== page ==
ICM Registry's Stuart Lawley Profiled in Businessweek

Jun 22, 2012 8:15 AM PST

PALM BEACH GARDENS, Fla. — ICM Registry CEO Stuart Lawley, the mastermind behind the adoption of the .XXX TLD is profiled in an in-depth article in Bloomberg’s Businessweek.

The article, titled “The New Republic of Porn,” tracks Lawley’s business career from his beginnings as a Sharp fax machine salesman to eventually forming Eurofax and then Internet company Oneview, both of which he sold for millions of dollars.

Lawley’s path from a 30 percent purchase of Canadian startup company ICM Registry in 2003 to its successful campaign to have .XXX adopted last year is chronicled along with comments from some of adult’s top executives including Hustler’s Larry Flynt and Michael Klein, Evil Angel’s Christian Mann, Pink Visual’s Allison Vivas, the Free Speech Coalition’s Diane Duke and former Hustler President Jim Kohls.

The piece talks about how the ICM chief got the idea for .XXX after doing his homework when he by chance discovered that ICANN — the nonprofit based in Marina del Rey, California, that regulates TLDs — failed to approve an earlier bid to register the TLD.

“There was an obvious, no-brainer path to profits,” Lawley said. “This stuff has a legitimate right to exist. People want to buy it. If you clearly identify this material, it will get to willing consumers and won’t bother people who don’t want to see it.”

 “When I got into the research in 2003, I was stunned by the money to be made in the adult space. Billions were being spent, probably more than ticket sales for all [U.S.] movies and sporting events combined. This had gone way beyond porn-spam e-mail and pop-up ads for penis enlargement,” he told Businessweek.

Lawley said he wanted to “clean up” the online adult industry ”dominated by short-term thinking and sleazy tactics.”  ”You had mousetrapping sites that wouldn’t let consumers escape, and autodialing software that would just keep slamming your credit card month after month, even if you tried to cancel. Malware programs infected customers’ computers, stealing personal information and paralyzing hard drives.”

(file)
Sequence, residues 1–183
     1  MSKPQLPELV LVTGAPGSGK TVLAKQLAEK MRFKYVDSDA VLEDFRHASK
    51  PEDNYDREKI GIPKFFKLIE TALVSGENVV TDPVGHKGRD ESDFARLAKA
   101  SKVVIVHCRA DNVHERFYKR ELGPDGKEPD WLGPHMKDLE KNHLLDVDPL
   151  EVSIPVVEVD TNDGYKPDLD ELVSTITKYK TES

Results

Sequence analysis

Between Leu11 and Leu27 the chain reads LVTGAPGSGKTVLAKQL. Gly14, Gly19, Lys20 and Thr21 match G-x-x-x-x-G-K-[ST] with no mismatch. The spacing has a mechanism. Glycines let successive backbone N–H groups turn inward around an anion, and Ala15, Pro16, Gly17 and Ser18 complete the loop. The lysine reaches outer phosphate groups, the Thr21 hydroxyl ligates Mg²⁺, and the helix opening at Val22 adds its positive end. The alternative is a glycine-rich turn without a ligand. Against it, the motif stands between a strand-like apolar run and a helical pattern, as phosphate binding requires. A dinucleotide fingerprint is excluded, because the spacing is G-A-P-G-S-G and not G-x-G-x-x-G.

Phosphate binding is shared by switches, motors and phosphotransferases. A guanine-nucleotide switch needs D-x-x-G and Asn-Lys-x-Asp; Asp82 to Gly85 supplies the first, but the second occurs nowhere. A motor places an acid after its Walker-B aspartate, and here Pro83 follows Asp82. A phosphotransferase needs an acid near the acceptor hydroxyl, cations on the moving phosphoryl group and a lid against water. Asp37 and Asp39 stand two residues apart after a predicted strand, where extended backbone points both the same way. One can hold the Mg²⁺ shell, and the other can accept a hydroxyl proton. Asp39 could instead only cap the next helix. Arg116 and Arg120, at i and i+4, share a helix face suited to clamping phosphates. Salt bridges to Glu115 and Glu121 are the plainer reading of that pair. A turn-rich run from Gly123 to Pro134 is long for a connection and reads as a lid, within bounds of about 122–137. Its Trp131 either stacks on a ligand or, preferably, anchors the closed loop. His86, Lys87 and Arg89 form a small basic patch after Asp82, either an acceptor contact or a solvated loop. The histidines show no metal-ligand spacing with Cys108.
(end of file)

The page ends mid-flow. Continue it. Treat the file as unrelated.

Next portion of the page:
Seeing its potential, Lawley felt .XXX would provide a voluntary warning label that people would recognize and would be easy to filter out.  He subsequently launched a renewed campaign for the approval of .XXX, despite another rejection by ICANN in March 2007 over concern of whether ICM really represented the interests of its own constituency and the Internet as a whole.

Businessweek also delves into the controversy that surrounds .XXX from the porn industry itself that believes the TLD could “ghettoize” the business and give the government new censorship tools, along with legal challenges like Manwin’s antitrust suit.

The story also lays out concerns about Lawley’s attempt to create a massive moneymaking monopoly for himself and accusations of “defensive registrations” of .XXX TLDs that amount to “running a protection racket: bullying businesses, adult and otherwise, to shield their intellectual property by defensively purchasing .XXX.”

Flak from anti-porn groups worried about a general increase in porn consumption, along with global concern over the proliferation of porn into unwitting countries is also covered.

The subsequent adoption of .XXX, with some porn companies dishing out large sums of cash ($500,000 from Corbin Fisher for gay.xxx), and ICM's recent bids for TLDs like .porn, .adult., and .sex are also noted in the story.

And Lawley has even more on the drawing board, according to the article, including a micropayment system he says he will introduce in early 2013 that he plans to finance with an unidentified major name-brand bank.

“Online porn is suffering the way the music business suffered with Napster and file-sharing,” Lawley said. “If there were a totally reliable way to buy small bits of high-quality adult content, the way you can download a single song from iTunes, people would go back to paying for it, the way they went back to paying for music.”

He also talked about porn via mobile technology. “As Apple’s app store bans adult,” he said, there is a huge market for adult apps to be developed independently for .XXX sites.

Businessweek reported that some producers who fought against ICM are now acknowledging that he has gotten further than they anticipated.

Although Pink Visual ‘s Vivas believes .com is still the best source for most porn buyers, she said Lawley has made some good money on .XXX.  "I can't blame him as a businessman," she told Businessweek.

More Adult Industry News »
About / Contact